This is for Tyler Green, who hates the idea of museums "deaccessioning" (ie selling) art in order to pay their operating expenses. And it’s based around an imaginary institution I’m calling the Museum of Underappreciated Art, or MUA.
MUA is run by a board of living artists; it’s expected that artists on the board will donate some of their work to the museum. It puts on shows of underappreciated American artists, both living and dead; to do so it relies partly but not wholly on its own art collection. When an artist has a show at MUA, he or she, like the board, is expected to donate works to the museum.
MUA is widely respected yet perenially cash-poor, and operates out of a grand and expensive uptown building. Over the years, it has been instrumental in building or rehabilitating the reputations of many important American artists who otherwise might never have received a major museum show.
In order to cover its substantial annual operating expenses, MUA regularly sells off works of art which have been donated to it. By design, it sells off some of its most valuable works — works by artists who are now being collected by major museums around the country and the world. MUA, in full concordance with the Adrian Ellis rule, restricts all sales to museums and public collections — thereby ensuring that even its deaccessioning helps to build the value and reputation of the artists concerned.
As a result, artists — especially the underappreciated artists for whom MUA exists — are generally very happy to donate art to the institution, and the number of works in MUA’s collection goes up every year, even as it sells off its most valuable works to fund its own operations.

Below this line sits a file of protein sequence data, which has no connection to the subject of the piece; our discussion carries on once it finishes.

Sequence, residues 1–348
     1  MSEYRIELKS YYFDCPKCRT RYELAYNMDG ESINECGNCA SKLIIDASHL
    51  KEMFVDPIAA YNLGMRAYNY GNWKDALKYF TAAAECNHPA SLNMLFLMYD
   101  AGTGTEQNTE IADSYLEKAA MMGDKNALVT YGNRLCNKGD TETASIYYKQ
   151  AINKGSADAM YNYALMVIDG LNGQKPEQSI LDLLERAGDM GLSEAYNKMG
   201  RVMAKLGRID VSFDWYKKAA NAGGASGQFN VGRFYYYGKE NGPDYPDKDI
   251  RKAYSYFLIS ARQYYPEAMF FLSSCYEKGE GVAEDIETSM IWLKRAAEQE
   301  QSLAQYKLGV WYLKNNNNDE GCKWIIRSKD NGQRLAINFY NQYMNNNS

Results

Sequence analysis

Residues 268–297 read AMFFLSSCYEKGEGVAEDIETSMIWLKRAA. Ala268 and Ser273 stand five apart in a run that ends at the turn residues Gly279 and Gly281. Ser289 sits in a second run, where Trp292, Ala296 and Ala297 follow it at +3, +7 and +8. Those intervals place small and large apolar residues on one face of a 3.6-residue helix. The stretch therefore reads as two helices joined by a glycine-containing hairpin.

This is an entirely sustainable business model: by selling off a few paintings a year and receiving many more, MUA supports itself and builds up a substantial and enviable collection of American art, sans endowment, fundraising campaigns, or any other non-deaccessioning means of raising cash. Far from being a regrettable necessity, deaccessioning is in many ways the lifeblood of the institution — the practice which proves that MUA has been successful in its mission.
All is well, until the Association of Art Museum Directors, appalled at the fact that MUA is selling off art to fund its operating expenses, bans its members from lending any work at all to MUA. Without access to loaned works, MUA is unable to put on its exhibitions, and is doomed.
When MUA finally closes its doors, Tyler Green uses that fact as supporting evidence for his contention that any museum which deaccessions works to pay operating expenses will inevitably die. Since MUA no longer exists, and history is written by the victors, Green and the AAMD sail smugly on, and the art world loses a unique and important institution.
I’m not sure what the moral of this story is, except that it’s not necessarily the case that any deaccessioning is a sign of failure. Maybe, conceivably, it could be a sign of success. Until, that is, an innovative instution runs into a group of hidebound and rules-based culture czars.